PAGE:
1. Tarasenko can be the difference-maker
Tarasenko didn't get a single shot on goal in Game 1. It wasn't nearly enough for a St. Louis team that depends on its Russian youngster for offense. It figures, then, that he'd come back with a hat trick in Game Two.
His first goal–a deflection-came after a series of good shifts in which the Blues were getting pucks deep, making sure the puck and the players arrived in Devan Dubnyk's crease at the same time. Tarasenko timed his arrival to the blue paint perfectly, making a fantastic play to contort his arms and stick around the defender at the exact moment the shot arrived.
The second marker, which the winger banked off Dubnyk's shoulder on the power play, is easy to dismiss as merely the Wild goalie's mistake, but it's a credit to Tarasenko's reputation, if nothing else. Dubnyk had to respect Tarasenko's passing and play-making ability to cheat that far.
St. Louis can finally make a deep run in the playoffs if it has a game-breaker on offense that other teams have to game plan for, a la Marian Gaborik for L.A. last year. Tarasenko is the logical choice to fill that role. He had 11 more regular season points this year than any other single forward on the previous three playoff-fizzling Blues teams.
2. God might just be a Wild fan
The Almighty may not have successfully rigged Game Two for Minnesota, but it wasn't for lack of trying. Ryan Suter almost scored a second-period power play goal by shooting it in off the boards. After hitting the area right above the boards, the puck made a beeline for Jake Allen's five hole, which had been momentarily open. Had it not been for Allen's clever sweep of the goal line with his leg, Suter would have been on the board.
The good (or bad, one might argue) luck continued early in the third, when a Wild dump-in from center ice hit another partisan stanchion, putting the puck on the stick of a suddenly very open and very dangerous Jason Zucker in the slot.
It should be no surprise then that when the Wild finally did get on the board, the goal was so odd as to leave Blues coach Ken Hitchcock practically smiling. Marco Scandella's stick broke, fooling everyone on the equivalent of an off-speed shot.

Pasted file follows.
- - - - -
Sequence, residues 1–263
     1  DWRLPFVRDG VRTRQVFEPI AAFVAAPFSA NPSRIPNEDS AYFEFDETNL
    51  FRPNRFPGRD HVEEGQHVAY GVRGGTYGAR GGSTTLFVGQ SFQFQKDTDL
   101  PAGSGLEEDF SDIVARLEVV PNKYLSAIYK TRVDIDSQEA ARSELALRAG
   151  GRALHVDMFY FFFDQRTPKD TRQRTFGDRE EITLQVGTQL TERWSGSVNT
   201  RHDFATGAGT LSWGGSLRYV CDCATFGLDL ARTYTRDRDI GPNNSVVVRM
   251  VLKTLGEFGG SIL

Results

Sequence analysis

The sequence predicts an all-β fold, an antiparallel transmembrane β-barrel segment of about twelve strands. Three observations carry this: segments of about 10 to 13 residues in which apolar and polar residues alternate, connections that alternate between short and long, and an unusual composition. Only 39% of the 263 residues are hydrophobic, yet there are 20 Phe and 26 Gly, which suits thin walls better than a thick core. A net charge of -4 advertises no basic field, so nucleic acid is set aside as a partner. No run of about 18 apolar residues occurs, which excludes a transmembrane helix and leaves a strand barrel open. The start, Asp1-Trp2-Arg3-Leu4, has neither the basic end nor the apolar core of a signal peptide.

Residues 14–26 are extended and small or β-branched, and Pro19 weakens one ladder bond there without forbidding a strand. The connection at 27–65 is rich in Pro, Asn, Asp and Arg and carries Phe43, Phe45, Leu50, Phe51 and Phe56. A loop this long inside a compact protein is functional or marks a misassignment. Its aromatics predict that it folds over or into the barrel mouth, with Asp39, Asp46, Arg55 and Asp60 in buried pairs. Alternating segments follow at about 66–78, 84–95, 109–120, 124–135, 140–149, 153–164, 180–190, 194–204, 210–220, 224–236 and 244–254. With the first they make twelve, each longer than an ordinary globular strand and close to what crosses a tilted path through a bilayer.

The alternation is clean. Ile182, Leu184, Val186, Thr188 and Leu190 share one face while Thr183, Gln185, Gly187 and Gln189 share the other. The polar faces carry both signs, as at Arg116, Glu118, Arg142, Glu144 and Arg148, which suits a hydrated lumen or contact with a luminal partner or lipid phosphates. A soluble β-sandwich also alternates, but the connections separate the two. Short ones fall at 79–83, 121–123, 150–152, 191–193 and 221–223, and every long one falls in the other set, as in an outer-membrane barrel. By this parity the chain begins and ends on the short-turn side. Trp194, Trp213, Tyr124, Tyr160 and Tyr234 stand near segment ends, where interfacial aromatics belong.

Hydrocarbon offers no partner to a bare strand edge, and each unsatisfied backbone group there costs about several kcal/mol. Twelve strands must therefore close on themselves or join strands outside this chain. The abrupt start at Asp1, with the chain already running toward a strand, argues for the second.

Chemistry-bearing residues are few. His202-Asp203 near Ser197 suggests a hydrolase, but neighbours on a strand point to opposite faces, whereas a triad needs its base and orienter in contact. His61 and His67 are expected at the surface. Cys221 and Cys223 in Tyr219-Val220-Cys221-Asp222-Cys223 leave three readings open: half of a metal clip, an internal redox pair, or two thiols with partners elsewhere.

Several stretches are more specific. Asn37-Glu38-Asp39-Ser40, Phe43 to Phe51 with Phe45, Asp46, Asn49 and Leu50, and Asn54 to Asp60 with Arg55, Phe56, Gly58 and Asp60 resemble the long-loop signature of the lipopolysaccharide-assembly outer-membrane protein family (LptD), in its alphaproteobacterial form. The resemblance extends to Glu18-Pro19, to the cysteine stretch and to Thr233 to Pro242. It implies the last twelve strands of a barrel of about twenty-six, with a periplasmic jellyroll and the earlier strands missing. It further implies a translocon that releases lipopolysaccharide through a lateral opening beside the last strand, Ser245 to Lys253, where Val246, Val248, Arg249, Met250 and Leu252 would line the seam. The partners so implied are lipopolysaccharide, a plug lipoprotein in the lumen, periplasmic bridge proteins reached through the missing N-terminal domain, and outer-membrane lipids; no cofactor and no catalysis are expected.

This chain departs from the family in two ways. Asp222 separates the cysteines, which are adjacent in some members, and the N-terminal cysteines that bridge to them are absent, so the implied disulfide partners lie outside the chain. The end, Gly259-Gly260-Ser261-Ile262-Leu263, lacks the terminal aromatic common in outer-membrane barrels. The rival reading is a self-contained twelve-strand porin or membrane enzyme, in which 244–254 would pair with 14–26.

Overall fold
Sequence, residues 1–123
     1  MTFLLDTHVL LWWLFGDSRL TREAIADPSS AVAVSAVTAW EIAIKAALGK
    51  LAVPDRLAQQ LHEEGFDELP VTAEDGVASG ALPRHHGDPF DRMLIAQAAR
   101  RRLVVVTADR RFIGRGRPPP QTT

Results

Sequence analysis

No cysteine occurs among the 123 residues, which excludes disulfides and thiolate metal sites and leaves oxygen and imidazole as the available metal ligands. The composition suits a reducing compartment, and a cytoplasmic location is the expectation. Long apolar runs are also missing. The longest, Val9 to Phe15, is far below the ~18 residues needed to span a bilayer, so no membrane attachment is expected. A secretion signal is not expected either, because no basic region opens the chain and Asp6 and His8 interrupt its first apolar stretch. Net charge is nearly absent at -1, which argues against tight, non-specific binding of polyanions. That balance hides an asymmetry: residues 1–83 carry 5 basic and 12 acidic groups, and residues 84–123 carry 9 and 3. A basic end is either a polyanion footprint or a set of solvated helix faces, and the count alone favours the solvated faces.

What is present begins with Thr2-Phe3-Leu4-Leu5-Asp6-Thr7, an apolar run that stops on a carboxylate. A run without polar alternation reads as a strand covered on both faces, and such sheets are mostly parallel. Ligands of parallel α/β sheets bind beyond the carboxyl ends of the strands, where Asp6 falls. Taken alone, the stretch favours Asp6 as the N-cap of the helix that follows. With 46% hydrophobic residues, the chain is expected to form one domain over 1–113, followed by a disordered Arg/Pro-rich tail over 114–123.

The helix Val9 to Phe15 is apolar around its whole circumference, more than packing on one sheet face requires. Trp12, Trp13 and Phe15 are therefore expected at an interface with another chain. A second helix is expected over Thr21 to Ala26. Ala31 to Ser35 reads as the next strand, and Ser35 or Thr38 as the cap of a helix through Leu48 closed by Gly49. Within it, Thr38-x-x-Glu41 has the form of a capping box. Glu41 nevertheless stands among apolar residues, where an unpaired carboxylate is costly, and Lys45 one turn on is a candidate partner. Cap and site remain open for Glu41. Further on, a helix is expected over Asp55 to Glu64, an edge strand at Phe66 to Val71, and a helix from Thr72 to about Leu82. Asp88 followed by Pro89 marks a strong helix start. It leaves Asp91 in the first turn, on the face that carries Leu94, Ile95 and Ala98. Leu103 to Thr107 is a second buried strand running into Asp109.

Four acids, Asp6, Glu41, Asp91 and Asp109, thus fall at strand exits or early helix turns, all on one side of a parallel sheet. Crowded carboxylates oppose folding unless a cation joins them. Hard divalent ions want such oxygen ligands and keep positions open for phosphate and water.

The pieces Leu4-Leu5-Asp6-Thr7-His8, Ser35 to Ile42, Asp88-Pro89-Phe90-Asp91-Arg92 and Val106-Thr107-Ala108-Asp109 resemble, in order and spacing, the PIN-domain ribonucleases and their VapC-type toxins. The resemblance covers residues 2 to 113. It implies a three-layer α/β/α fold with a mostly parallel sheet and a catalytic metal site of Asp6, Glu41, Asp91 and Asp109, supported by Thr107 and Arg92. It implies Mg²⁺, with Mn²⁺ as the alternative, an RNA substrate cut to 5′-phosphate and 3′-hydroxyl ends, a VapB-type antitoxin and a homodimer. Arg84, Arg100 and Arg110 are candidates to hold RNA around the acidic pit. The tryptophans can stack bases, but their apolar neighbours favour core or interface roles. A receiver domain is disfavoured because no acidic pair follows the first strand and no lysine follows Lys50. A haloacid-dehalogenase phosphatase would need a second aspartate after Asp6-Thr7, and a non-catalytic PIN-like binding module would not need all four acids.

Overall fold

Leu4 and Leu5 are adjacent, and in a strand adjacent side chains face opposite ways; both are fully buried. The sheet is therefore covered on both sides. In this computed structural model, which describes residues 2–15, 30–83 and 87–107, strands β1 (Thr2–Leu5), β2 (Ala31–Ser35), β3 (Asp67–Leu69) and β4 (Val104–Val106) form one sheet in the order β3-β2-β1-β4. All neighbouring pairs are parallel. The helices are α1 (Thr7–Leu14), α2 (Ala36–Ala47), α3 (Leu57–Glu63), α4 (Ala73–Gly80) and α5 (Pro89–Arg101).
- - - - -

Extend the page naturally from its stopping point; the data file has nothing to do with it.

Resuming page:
From the Blues perspective, the take-away from these weird plays has to be a new-found confidence in Jake Allen's technique and alertness. Minnesota has to hope it didn't waste all its good luck in a losing effort.
3. Minnesota needs scoring depth
From the misleading statistics depatrment: the Wild's third line was their most productive on the score sheet. Charlie Coyle and Thomas Vanek nabbed assists on the Scandella tally. They also nearly combined for a beautiful goal in the third, when Coyle received a Vanek pass and shook his way free into the slot.
But the consistency wasn't there. In contrast to the Wild fourth line that put in some great shifts, Vanek and Co. seemed invisible for most of the game. Coyle and Vanek combined for zero shots on goal. Coyle's great third period chance hit the pipe before being scooped out of the crease by David Backes.
Just going by Corsi rating, the Vanek-Coyle-Nino Niederreiter trio was the best Wild line in Game 1 (and of course had the worst boxcar stats, combining for a -3 and 0 points). They need to repeat that series-opening performance going forward.
Part of the problem in this game was unfavorable matchups against Tarasenko's especially effective line. When coach Mike Yeo can work more favorable matchups on home ice in Games 3 and 4, perhaps he can spring Vanek and neutralize Tarasenko with one deft switch.
Whoever it is up against, though, that third line will just have to play better to match the Blues' forward depth.